As a popular New Jersey craft brewery, Cape May Brewing Co. continues its growth and product expansion with bold new flavors. It’s now announced the release of Tan Limes, a Mexican lager with Persian lime juice and local sea salt, joining its lineup of summer core offerings. The product will now be available throughout New Jersey, Pennsylvania, and Delaware; Tan Limes was originally conceived as a Tasting Room-only release for the brewery in 2019.
“Tan Limes has been a home run,” CEO Ryan Krill said. “When we released it on draft last April, the response was absolutely fantastic. Our loyal fans went wild, immediately asking us to package Tan Limes in cans. When we did, we couldn’t keep them on the shelves. It was obvious to all of us that Tan Limes deserved a bigger place in our lineup, and we couldn’t be happier to bring this refreshing and drinkable brew to taps and shelves throughout New Jersey, Pennsylvania and Delaware.”
Brewed with a touch of locally sourced sea salt and a hint of Persian lime juice, Tan Limes is a light and refreshing Mexican lager, with a fresh, zesty, but intense taste.
“It’s tangy and thirst-quenching, extremely crushable, and pairs well with a wide variety of food,” Innovation Director Brian Hink said. “The lime and the sea salt take center stage, the hops are barely perceptible and the malt bill is completely out of the way. This beer is ridiculously drinkable.”
The scaled-up version of Tan Limes will replace the 12-ounce cans of Cape May Brewing Co.’s Belgian strong ale, Devil’s Reach, throughout the spring and summer months.
The thinking behind that decision is explained this way …
“We noticed a dip in sales of canned Devil’s Reach over the summer,” said the director of sales, Bill Zaninelli. “Devil’s Reach is a great beer and has long been a mainstay of our core lineup, but, with an ABV of 8.6%, it’s not exactly a lawnmower beer.”
However, as many on-premise accounts have Devil’s Reach as part of their draft lineup, it will still be available on draft throughout the spring and summer months.
“So, we made the decision to keep Devil’s on draft year-round,” Zaninelli says, “but only package it in cans in the fall and winter. This way, our longtime draft accounts are happy, and we have room in the schedule for a light, simple brew for the warmer months.”
Originally released as a draft-only offering in April 2019, Tan Limes’ successful release was followed by a 16-ounce canned run, available only in its Tasting Room at 1288 Hornet Road in the Cape May Airport. The 12-ounce canned release required a redesign of the packaging, with the design team deciding upon the image of a lime sunning herself on the beaches of Cape May.
“I absolutely love this can design,” Director of Marketing Alicia Grasso said. “The straightforward image conveys everything you need to know about this beer: it’s simple, it’s refreshing, and it’s definitely what you’d want to drink during a day on the beach, working on your tan lines.”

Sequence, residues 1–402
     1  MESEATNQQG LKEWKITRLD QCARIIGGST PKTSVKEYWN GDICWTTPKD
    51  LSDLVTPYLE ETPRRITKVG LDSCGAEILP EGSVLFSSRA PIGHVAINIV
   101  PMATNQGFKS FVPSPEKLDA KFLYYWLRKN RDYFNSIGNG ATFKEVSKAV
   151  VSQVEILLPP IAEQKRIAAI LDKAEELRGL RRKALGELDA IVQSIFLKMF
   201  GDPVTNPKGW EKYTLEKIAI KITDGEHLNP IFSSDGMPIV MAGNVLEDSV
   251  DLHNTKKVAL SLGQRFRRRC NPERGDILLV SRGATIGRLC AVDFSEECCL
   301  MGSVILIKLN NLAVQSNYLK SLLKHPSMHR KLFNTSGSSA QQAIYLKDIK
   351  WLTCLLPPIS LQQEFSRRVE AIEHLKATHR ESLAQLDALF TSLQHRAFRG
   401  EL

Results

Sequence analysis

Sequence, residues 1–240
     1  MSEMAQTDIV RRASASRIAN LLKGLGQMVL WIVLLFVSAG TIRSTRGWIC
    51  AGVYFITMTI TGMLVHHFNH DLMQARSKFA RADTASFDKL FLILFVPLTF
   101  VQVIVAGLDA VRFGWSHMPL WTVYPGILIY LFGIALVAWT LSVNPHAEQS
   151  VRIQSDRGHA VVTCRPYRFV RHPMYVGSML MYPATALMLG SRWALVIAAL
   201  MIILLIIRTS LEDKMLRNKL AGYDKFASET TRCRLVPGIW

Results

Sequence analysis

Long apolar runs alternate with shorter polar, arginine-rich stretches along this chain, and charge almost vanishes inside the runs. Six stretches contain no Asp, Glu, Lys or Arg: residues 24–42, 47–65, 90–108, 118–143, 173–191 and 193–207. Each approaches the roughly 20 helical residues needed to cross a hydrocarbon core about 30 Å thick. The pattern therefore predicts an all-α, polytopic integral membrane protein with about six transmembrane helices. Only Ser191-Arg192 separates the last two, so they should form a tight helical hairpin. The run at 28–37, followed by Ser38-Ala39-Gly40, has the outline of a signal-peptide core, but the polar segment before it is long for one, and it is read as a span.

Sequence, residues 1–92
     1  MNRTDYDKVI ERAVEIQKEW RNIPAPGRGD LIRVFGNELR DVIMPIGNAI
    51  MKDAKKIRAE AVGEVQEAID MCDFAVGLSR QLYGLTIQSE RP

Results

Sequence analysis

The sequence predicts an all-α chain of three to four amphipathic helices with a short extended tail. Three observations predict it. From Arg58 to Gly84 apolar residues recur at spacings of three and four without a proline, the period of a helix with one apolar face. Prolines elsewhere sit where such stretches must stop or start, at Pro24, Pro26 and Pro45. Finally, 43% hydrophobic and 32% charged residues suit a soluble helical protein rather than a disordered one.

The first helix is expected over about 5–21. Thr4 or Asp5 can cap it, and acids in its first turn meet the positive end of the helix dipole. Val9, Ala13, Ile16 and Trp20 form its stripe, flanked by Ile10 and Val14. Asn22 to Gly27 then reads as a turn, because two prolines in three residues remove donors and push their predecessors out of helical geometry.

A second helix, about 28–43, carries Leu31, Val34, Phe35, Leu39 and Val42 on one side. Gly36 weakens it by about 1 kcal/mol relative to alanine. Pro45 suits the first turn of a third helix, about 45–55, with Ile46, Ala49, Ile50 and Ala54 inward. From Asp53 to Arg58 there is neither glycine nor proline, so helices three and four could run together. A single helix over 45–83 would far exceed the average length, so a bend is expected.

Tan Limes debuted throughout New Jersey on March 12. It will be distributed throughout the nine easternmost counties of Pennsylvania and as part of Cape May Brewing Co.’s expansion into Delaware, as well.
Wishing the folks at Cape May Brewing “barrels” of success with the exciting new flavor. For more information on Cape May Brewing Co., including its complete lineup of core brands, seasonals, limited-editions and specialty brews, call 609-849-9933 or check out the website at www.capemaybrewery.com.
Wine Growers explain current conditions
The Garden State Wine Growers Association issued an update on the state’s wineries during the coronavirus outbreak:
Based on Gov. Phil Murphy’s executive order issued March 16, wineries can remain open in New Jersey, but only for the sale of wine in original containers. Wineries cannot conduct wine tastings or hold events. No wine can be consumed on premise.
Some of the wineries have already elected to stay closed until early April. If consumers want to visit a winery to make a purchase, they should check the websites and social media channels of their favorite wineries to see if they are open and offering sales. Some are offering curbside service.
Customers can also check with wineries to see if they are shipping wine directly to the home.
Restaurants that serve as winery outlet partners that are handling take-out orders can also process wine sales, but they have to be made at purchase and not COD. Wineries that have transit insignias from the state can also elect to make deliveries.
The Garden State Wine Growers encourage everyone to stay safe and thank all their New Jersey wine customers for their support.
Wishing everyone the best of luck! You can check out the association at www.newjerseywines.com.